Bunds Drop as Fed Stimulus, German Court Ruling Damp Safety Bid

German 10-year government bonds dropped for a second week, with the yield climbing to the most since April, after the Federal Reserve announced a third round of asset purchases to stimulate the U.S. economy.

The declines pushed two-year note yields to the highest level in more than two months as investors reduced holdings of the safest assets. Italian bonds led gains among the so-called euro-area periphery nations, rising relative to bunds, as Germany’s Constitutional Court cleared the way for the setup of Europe’s permanent bailout fund. The yield on German 10-year bunds yesterday climbed the most since Aug. 3 as euro-area finance ministers met in Cyprus.

“The strength of relief is very large,” said Marc Ostwald, a fixed-income strategist at Monument Securities Ltd. in London. “There’s probably more room for the periphery to perform because people are desperate for yield.”

Germany’s 10-year yield rose 19 basis points, or 0.19 percentage point in the week, to 1.71 percent at 5 p.m. London time, after being as high as 1.72 percent, the most since April 30. The 1.5 percent bund due in September 2022 fell 1.695, or 16.95 euros per 1,000-euro ($1,314) face amount to 98.13.

The nation’s two-year yield climbed to 0.106 percent yesterday, matching the most since July 3.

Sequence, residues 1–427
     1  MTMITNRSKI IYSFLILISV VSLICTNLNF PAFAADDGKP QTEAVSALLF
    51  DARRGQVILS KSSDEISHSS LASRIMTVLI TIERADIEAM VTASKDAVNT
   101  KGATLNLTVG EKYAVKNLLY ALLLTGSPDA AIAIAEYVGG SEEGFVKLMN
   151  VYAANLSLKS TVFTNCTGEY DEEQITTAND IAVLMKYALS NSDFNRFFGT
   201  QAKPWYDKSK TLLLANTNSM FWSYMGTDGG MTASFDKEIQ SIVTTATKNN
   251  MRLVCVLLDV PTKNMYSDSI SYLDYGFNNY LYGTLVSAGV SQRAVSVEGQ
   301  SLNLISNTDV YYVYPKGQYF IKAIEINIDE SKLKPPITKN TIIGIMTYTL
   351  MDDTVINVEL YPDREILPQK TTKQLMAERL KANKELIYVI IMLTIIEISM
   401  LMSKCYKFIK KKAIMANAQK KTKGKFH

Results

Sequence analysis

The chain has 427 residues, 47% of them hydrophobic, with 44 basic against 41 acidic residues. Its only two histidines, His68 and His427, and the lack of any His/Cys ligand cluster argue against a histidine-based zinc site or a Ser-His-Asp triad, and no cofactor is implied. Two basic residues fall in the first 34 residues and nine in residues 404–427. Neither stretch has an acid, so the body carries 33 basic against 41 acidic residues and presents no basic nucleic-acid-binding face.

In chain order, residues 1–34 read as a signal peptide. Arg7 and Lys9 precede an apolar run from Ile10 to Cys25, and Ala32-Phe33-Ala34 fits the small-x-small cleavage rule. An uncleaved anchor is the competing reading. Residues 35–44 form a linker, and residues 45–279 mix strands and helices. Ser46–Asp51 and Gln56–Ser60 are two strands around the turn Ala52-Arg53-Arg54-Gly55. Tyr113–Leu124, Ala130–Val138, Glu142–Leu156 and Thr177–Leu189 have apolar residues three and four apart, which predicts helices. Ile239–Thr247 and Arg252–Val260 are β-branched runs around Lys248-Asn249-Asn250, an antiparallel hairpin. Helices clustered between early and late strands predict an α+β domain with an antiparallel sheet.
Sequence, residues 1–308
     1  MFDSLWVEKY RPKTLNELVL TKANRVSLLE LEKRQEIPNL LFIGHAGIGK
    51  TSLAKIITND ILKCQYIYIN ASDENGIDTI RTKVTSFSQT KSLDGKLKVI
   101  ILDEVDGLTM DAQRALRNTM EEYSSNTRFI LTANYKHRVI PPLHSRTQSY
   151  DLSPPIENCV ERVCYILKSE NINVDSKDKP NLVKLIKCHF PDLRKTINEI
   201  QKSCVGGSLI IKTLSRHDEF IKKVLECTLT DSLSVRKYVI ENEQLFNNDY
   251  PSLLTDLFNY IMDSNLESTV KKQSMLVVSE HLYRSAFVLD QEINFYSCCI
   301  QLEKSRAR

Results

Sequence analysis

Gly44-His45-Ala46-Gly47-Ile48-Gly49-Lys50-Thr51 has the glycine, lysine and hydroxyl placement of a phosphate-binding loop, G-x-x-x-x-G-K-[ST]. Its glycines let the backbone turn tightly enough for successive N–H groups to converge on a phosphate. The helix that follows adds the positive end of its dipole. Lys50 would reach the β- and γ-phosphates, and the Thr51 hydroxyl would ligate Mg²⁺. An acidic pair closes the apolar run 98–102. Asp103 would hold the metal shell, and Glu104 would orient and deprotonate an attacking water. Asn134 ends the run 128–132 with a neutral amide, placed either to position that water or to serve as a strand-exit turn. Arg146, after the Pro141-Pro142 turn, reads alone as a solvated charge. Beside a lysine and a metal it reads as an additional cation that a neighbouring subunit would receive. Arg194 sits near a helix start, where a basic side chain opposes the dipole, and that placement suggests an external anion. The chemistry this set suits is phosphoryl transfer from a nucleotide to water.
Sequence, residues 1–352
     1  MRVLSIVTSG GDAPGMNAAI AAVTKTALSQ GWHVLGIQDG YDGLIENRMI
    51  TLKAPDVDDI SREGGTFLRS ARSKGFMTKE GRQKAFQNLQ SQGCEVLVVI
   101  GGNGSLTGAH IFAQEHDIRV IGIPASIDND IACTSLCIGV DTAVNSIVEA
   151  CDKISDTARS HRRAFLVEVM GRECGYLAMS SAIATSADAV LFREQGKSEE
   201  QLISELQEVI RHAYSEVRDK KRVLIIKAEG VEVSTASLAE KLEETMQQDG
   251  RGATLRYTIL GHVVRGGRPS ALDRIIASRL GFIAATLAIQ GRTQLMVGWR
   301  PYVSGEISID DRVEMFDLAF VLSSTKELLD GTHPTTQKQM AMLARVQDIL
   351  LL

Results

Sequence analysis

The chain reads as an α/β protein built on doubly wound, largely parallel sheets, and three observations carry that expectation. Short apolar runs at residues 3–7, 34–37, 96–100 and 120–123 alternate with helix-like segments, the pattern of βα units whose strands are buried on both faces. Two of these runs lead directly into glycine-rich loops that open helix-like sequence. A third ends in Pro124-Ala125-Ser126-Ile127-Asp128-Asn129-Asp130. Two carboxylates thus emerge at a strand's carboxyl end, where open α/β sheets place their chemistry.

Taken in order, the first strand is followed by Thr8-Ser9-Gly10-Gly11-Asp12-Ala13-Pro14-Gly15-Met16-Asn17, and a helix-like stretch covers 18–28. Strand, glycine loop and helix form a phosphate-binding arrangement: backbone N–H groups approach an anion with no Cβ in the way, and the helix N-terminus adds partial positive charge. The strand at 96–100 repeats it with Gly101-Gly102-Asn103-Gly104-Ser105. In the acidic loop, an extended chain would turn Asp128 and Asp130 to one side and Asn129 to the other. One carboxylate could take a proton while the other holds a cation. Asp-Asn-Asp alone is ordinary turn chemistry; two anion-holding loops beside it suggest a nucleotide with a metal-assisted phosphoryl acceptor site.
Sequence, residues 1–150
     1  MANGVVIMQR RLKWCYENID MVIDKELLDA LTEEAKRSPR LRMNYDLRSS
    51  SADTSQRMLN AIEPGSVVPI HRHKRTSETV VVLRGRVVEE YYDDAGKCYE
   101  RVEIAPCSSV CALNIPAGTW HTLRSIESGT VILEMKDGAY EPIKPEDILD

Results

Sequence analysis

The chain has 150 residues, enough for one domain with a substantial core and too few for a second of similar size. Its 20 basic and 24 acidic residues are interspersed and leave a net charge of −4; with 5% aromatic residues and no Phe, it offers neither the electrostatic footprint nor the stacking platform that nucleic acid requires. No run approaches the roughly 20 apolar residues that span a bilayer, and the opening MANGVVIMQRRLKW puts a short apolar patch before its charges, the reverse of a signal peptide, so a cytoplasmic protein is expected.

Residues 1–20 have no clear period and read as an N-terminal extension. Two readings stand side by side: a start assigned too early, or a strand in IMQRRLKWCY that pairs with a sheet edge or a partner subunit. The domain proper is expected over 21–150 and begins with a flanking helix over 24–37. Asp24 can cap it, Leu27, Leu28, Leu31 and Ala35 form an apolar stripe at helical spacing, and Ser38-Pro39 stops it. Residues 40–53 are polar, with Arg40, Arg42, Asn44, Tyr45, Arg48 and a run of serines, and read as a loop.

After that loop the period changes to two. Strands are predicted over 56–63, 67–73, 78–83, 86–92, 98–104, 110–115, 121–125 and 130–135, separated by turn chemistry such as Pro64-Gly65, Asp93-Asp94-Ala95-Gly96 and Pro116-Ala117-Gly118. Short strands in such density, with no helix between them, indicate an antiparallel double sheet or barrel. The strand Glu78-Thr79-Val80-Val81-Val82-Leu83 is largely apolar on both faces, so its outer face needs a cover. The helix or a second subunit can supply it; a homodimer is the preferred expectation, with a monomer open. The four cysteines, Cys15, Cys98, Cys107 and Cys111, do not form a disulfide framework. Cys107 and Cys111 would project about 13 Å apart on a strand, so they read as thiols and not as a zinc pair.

Italian Spread

The additional yield, or spread, that investors demand to hold Italian 10-year bonds instead of bunds fell to 331 basis points yesterday, after being as low as 326 basis points, the least since April 2. Spanish 10-year bonds yielded 410 basis points more than bunds, after the spread slipped below 400 basis points this week for the first time since April.

The U.S. central bank announced on Sept. 13 its third round of asset purchases since 2008, giving investors the confidence to buy higher-yielding assets. Stimulus will be expanded until officials see “sustained improvement” in the labor market, Fed Chairman Ben S. Bernanke said.

German bunds also dropped as the nation’s top constitutional court cleared Europe’s permanent bailout fund for ratification, damping demand for the safest government debt.

Germany must make sure its share of the 500 billion-euro European Stability Mechanism is capped at 190 billion euros, the court said in its ruling on Sept. 12.

European Central Bank President Mario Draghi said yesterday that there’s reason for optimism in Europe.

Draghi Comments

“Financial conditions have been better recently, but we have to continue working on that,” Draghi said after a meeting of euro-area finance ministers in Nicosia. “If we continue going this way, one has to be optimistic.”

Declines by bunds may be limited next week amid speculation a report will show services and manufacturing industries in Europe contracted in September.

A composite index of both industries was at 46.6 this month, from 46.4 in August, London-based Markit Economics will say on Sept. 20, according to the median of 23 economists surveyed by Bloomberg. A reading below 50 signals contraction.

German bonds returned 2.5 percent this year through Sept. 13, according to indexes compiled by Bloomberg and the European Federation of Financial Analysts Societies. Spanish securities advanced 1.7 percent, while Italy’s debt made 15 percent.

To contact the reporters on this story: Lukanyo Mnyanda in Edinburgh at lmnyanda@bloomberg.net; Lucy Meakin in London at lmeakin1@bloomberg.net

To contact the editor responsible for this story: Paul Dobson at pdobson2@bloomberg.net

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